Calling a $500,000 bond for trespassing “unreasonable” and “outrageous,” an attorney filed a motion Thursday to release Zachary Cruz, the brother of the confessed Marjory Stoneman Douglas High shooter Nikolas Cruz.
Zachary Cruz, 18, was arrested Monday by the Broward Sheriff’s Office after detectives say he was skateboarding on the grounds of the Parkland high school, despite warnings to stay away. He was charged with trespassing, a second-degree misdemeanor punishable by up to 60 days in jail and a fine of up to $500.
“Zachary Cruz should not be in a jail cell,” his attorney, Joseph Kimok, wrote in the 17-page motion filed in Broward Circuit Court. “In the light most favorable to the state, he skateboarded around the campus of Marjory Stoneman Douglas High School after hours.”
The attorney argued that Zachary should not be punished for his brother’s crime.
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“Zachary Cruz is not Nikolas Cruz,” his attorney wrote in the court filing. “Zachary is an eighteen-year-old kid who up until four months ago had led a relatively normal life. Overnight, the world’s attention turned on Zachary’s family and Zachary’s entire life was put under a microscope. Zachary Cruz did not bring any of this upon himself.”
On Feb. 14, Nikolas Cruz, 19, walked into the freshman building at Douglas — his former school — and shot and killed 17 students and educators with an AR-15 semiautomatic rifle. Nikolas Cruz has been in jail since the day of the shooting. A prosecutor announced he will face the death penalty.
After the shooting, there has been heightened security on campus, as staff and law enforcement officers have kept a close watch on the school that houses 3,000 students.
The Broward Sheriff’s Office said Zachary Cruz “surpassed all locked doors and gates,” and was captured on surveillance cameras skateboarding. He told deputies he was there to “reflect on the shooting and to soak it in,” according to the report.
He was initially given the standard $25 bond, which he posted, Kimok said. But instead of letting him go, Kimok said he was held until the next day when he faced a judge.
Jail records indicated Thursday night that there were no inmates named Zachary Cruz in the Broward County jail system. It was unclear if he’d bonded out.
“On March 21, 2018, the Constitution failed him when a judge set this unreasonable bond amount and conditions,” he said. … “Mr Cruz’s half a million dollar bond represents 20,000 times above the standard amount.”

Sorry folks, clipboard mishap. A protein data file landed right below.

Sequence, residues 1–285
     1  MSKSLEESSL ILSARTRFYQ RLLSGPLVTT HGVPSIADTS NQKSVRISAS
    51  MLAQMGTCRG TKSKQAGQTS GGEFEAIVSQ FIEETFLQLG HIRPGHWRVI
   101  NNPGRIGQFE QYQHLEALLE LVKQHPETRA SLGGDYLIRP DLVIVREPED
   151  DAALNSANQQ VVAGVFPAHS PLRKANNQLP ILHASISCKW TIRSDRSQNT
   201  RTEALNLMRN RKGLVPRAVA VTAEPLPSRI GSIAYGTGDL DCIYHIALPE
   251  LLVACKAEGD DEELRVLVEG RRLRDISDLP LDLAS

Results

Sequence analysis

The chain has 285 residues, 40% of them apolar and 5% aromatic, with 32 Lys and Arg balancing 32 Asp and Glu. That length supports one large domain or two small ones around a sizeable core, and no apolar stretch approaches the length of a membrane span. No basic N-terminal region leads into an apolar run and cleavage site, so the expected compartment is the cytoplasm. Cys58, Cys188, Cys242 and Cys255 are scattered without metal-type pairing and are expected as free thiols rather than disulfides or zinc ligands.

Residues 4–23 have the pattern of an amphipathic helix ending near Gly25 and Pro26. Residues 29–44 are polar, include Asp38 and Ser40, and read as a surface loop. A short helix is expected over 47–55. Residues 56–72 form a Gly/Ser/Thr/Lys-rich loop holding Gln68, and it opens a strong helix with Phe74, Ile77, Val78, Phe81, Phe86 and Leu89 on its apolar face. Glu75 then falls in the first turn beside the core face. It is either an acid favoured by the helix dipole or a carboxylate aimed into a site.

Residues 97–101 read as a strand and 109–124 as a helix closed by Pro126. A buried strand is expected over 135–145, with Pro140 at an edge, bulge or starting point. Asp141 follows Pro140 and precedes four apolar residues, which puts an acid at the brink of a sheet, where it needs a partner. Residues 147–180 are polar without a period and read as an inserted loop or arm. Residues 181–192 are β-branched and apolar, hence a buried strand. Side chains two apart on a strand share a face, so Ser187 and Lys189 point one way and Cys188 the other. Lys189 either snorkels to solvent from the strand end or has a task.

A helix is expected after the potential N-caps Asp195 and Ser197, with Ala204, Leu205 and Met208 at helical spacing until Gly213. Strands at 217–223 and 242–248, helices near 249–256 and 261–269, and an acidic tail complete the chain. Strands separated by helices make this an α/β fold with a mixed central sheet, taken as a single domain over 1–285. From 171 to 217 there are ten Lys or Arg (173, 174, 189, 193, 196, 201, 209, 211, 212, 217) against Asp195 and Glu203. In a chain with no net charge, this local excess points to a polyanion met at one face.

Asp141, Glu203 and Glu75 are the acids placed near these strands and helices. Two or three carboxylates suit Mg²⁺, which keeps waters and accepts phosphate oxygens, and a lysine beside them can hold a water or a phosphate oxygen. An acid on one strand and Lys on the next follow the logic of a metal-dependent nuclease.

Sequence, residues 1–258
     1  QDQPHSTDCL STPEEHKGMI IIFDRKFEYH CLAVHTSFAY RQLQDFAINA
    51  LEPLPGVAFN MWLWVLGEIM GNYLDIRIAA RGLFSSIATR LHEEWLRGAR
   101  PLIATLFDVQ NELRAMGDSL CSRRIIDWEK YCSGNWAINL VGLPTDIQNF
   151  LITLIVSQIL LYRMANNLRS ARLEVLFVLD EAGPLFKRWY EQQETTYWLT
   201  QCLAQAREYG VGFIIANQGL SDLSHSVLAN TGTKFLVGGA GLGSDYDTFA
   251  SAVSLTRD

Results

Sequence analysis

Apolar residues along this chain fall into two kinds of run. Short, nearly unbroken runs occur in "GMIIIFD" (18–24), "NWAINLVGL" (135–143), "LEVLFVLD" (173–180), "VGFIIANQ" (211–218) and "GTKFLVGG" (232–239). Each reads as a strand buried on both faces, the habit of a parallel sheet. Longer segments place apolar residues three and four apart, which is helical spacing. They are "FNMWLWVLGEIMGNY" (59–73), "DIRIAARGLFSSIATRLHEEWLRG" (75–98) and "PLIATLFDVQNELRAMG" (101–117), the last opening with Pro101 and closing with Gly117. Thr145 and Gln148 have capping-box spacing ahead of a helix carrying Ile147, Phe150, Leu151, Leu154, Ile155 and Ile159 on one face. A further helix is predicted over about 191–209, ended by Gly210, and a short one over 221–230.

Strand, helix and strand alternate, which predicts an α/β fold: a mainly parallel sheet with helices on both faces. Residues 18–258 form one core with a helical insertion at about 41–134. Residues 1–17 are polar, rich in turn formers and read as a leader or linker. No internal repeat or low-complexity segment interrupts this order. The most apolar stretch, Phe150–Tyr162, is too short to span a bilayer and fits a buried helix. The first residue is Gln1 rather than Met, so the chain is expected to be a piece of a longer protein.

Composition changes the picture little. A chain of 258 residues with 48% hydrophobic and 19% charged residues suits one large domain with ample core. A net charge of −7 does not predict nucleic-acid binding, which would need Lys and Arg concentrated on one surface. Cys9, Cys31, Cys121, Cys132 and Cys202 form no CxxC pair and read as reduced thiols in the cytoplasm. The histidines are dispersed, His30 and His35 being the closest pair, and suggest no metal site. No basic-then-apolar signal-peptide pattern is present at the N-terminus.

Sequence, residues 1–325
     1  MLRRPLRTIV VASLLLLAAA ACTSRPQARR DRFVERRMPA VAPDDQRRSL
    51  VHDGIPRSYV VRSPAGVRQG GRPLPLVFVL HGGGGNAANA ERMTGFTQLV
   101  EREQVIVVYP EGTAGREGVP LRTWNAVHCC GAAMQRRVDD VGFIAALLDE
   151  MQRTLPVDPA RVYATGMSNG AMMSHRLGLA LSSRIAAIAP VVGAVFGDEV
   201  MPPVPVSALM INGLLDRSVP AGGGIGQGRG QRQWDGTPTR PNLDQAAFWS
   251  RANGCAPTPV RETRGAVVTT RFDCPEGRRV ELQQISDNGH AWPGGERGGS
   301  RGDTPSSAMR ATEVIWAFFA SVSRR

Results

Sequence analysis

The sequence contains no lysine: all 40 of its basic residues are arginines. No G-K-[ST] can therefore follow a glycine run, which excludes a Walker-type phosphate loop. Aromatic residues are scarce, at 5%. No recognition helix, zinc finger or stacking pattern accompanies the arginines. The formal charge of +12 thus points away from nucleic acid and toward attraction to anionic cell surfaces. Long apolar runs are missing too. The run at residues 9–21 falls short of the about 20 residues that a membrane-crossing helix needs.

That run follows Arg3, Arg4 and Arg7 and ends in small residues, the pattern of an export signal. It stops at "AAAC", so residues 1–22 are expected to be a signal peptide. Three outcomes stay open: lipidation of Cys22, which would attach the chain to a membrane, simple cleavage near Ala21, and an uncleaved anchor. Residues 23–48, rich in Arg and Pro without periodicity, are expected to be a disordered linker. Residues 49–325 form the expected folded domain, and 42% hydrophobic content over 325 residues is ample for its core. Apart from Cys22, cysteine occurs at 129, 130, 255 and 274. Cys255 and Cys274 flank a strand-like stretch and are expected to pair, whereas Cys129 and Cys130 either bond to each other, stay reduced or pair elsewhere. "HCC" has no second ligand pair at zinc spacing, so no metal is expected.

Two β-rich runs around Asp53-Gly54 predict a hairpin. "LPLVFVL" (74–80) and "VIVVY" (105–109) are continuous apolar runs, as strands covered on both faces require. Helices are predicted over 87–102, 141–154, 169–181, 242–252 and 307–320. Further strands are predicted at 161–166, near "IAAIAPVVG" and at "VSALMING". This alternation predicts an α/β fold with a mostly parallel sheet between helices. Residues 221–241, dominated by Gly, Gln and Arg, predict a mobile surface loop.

Judge Kim Mollica, however, disregarded that the $25 bond had been posted and set a bond of $500,000, Kimok said.
Kimok said the move violated the U. S. Constitution.
He cited the Eighth Amendment: “Excessive bail shall not be required, nor excessive fines imposed, nor cruel and unusual punishments inflicted.”
He also cited the founding fathers: “The Framers of our Constitution were all too aware of the hysteria that often results from a crime that shocks the community’s conscience.’’
“There was no evidence presented at the hearing that Mr. Zachary Cruz had threatened anyone during this arrest, that he resisted in anyway, or that he was uncooperative with police,” he wrote. “In fact there was no evidence presented that since his brother’s arrest, Mr. Zachary Cruz has threatened anyone, has ever exhibited or shown violence toward anyone, or that he has been seen by anyone with a weapon.”
“He has all the same flags present as his brother,” said Assistant Broward State Attorney Sarahnell Murphy at the hearing.
In addition to the bond, the judge also handed down several restrictions if Zachary Cruz were to be released: He’d have to wear an ankle monitor; his house can be searched; he may not possess firearms; and he can’t have contact with his brother.
Kimok said Zachary should not be blamed for his brother’s actions.
“There is no justice where the government seeks to hang a man for the crimes of his brother,” he wrote. “It is immoral and reprehensible to attempt to punish Zachary Cruz for the sins of Nikolas.”